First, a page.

# Cities Rank-Size Distribution

If to scale an information service to 1,000 cities what kind of cities will be covered? Or a reverse questions: how many cities have population of more than 1,000,000?

The answers can be found from geonames.org data just with a couple of lines of Python code:

more than 340 cities have population more than 1,000,000; the city ranked 1,000th in that data has population of around 400,000.

This is curious to see how cities population is distributed. The plot below is for cumulative distribution of cities population.

The linear dependence in a log-log plot is an indication of a power law dependence. At some population the distribution changes the slope. Below 1,000,000 inhabitants the slope is almost -1 which indicates 1/x dependence. Then it changes, and changes again at 7 million, and 10 million inhabitants. I would attribute changes at 1 and 10 million to psychology of regional and national governments that treat cities above and below these numbers differently.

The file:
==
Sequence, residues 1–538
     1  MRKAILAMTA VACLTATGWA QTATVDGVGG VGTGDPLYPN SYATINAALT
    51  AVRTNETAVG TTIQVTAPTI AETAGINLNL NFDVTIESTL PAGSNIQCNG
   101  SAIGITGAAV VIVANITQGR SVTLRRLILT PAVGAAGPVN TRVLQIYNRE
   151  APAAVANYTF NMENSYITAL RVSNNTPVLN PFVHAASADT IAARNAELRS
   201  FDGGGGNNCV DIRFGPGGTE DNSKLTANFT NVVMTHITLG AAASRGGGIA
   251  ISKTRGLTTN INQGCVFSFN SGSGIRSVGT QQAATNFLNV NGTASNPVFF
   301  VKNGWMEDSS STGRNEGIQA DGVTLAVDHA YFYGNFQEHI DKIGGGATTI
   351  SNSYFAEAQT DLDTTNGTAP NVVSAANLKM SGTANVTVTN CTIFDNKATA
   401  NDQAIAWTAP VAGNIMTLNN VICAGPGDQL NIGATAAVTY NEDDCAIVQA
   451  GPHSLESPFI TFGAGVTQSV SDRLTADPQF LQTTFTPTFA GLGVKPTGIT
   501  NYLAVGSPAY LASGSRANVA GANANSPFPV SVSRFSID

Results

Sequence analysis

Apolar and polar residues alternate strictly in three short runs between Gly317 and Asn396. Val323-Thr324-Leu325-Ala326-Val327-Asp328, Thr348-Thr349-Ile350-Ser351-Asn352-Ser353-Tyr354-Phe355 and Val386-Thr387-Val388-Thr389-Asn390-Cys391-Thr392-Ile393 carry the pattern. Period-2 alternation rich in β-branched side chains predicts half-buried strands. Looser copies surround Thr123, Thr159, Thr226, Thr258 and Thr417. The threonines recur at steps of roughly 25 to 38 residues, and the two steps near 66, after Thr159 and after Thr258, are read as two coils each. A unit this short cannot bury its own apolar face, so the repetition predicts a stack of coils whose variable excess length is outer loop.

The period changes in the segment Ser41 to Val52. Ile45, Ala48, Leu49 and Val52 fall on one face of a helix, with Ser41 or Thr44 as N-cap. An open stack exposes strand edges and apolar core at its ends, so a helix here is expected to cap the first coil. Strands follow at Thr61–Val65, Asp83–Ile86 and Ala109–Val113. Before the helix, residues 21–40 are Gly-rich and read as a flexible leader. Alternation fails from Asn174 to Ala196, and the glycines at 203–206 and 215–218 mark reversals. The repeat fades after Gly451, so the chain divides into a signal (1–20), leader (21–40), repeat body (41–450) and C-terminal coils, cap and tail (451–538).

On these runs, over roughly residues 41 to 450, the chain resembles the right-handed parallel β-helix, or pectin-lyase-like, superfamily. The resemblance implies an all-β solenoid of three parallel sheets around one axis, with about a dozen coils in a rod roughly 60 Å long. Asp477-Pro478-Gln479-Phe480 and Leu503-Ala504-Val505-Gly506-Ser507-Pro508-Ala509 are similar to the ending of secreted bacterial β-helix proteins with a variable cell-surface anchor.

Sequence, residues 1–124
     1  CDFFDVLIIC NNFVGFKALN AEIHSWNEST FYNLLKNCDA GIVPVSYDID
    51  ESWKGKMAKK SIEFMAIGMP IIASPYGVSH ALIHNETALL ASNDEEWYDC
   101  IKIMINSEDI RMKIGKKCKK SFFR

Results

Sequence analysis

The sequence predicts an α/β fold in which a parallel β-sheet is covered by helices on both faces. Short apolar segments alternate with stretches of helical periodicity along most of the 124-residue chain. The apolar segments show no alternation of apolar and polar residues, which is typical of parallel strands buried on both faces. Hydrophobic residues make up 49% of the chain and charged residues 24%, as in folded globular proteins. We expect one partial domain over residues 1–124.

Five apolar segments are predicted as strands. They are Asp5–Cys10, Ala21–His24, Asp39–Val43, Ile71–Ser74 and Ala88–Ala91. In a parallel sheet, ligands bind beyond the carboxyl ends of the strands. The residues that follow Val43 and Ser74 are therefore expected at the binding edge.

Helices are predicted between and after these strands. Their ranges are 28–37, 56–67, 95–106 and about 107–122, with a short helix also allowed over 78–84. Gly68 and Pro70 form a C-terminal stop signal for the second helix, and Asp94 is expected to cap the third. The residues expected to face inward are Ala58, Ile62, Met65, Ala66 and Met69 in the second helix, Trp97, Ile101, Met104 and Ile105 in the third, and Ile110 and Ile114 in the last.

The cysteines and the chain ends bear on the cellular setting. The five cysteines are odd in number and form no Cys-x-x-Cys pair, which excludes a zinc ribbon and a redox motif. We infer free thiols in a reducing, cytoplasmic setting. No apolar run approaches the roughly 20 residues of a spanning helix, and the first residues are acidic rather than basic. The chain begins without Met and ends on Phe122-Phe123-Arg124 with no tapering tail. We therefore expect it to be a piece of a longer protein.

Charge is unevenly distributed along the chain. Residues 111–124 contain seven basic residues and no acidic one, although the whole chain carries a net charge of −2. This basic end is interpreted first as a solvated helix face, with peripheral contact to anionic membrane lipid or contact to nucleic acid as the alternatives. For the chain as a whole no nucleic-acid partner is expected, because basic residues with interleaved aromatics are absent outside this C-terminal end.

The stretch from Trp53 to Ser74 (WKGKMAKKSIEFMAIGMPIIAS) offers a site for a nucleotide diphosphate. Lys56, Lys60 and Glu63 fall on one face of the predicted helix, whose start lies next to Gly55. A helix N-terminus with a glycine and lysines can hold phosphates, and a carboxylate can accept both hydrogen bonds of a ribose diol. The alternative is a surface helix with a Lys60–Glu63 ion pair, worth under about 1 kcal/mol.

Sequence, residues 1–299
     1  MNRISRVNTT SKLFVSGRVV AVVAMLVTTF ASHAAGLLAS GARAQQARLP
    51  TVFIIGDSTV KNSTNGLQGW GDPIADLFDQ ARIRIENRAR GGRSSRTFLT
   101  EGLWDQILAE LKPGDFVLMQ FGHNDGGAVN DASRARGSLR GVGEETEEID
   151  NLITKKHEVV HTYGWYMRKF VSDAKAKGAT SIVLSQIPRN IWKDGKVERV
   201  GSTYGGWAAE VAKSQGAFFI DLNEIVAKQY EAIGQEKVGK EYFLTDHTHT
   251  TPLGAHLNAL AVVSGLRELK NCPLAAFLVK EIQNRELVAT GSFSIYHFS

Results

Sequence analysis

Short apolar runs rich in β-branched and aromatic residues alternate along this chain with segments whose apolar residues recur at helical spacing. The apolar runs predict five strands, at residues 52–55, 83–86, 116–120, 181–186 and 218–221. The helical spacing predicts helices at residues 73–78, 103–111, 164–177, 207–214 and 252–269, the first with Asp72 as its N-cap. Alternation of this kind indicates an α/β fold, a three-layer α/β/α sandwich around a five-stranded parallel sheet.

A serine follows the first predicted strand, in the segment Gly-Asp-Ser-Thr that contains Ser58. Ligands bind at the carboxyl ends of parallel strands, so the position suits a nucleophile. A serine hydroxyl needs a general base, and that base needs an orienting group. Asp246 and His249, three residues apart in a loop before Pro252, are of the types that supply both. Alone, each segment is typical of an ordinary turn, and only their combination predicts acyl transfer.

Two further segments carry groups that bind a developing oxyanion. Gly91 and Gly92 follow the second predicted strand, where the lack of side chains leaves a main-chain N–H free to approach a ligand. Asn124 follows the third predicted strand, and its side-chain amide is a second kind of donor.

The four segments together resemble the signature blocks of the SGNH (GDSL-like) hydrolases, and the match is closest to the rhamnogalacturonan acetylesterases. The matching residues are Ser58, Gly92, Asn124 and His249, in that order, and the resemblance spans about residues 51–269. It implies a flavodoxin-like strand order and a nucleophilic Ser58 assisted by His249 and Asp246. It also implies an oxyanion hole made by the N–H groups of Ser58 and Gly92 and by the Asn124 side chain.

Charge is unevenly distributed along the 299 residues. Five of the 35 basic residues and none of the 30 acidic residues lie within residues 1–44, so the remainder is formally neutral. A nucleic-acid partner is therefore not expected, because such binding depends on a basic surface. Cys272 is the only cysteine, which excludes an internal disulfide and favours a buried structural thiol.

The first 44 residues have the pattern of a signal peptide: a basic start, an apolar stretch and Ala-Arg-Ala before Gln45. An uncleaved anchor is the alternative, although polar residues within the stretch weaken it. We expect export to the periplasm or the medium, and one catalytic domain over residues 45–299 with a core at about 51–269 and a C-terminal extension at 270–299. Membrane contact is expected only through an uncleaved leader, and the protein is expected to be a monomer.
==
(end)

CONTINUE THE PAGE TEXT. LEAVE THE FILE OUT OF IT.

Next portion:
Typically, this dependence is plotted in the form of size (population) vs. rank.

Rank-size distribution of cities population was noticed more than half a century ago and is a subject of multiple research studies.

The code to produce the plots is available at github. This is fascinating to play with it: to see if the distribution is universal from a country to country (it's not for large populations), to come up with a simple interpolation formula that approximates it and so on. But, to keep the note brief, these exercises are for a truly curious reader.